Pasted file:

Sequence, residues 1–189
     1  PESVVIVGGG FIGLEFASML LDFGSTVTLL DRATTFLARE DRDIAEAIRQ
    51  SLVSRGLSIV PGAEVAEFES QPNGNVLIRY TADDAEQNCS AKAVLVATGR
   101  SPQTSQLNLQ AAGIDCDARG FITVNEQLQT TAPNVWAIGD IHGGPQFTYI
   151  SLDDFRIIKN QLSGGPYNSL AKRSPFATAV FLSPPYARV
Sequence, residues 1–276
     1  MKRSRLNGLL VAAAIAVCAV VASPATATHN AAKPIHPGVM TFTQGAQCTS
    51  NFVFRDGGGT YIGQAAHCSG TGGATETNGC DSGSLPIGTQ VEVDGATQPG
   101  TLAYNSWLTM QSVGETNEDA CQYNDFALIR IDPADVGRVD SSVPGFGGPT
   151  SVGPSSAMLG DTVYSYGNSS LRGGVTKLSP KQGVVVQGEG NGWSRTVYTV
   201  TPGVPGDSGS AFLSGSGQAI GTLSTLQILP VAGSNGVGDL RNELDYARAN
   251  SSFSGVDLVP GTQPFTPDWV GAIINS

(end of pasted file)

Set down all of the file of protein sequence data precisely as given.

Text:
Sequence, residues 1–189
     1  PESVVIVGGG FIGLEFASML LDFGSTVTLL DRATTFLARE DRDIAEAIRQ
    51  SLVSRGLSIV PGAEVAEFES QPNGNVLIRY TADDAEQNCS AKAVLVATGR
   101  SPQTSQLNLQ AAGIDCDARG FITVNEQLQT TAPNVWAIGD IHGGPQFTYI
   151  SLDDFRIIKN QLSGGPYNSL AKRSPFATAV FLSPPYARV
Sequence, residues 1–276
     1  MKRSRLNGLL VAAAIAVCAV VASPATATHN AAKPIHPGVM TFTQGAQCTS
    51  NFVFRDGGGT YIGQAAHCSG TGGATETNGC DSGSLPIGTQ VEVDGATQPG
   101  TLAYNSWLTM QSVGETNEDA CQYNDFALIR IDPADVGRVD SSVPGFGGPT
   151  SVGPSSAMLG DTVYSYGNSS LRGGVTKLSP KQGVVVQGEG NGWSRTVYTV
   201  TPGVPGDSGS AFLSGSGQAI GTLSTLQILP VAGSNGVGDL RNELDYARAN
   251  SSFSGVDLVP GTQPFTPDWV GAIINS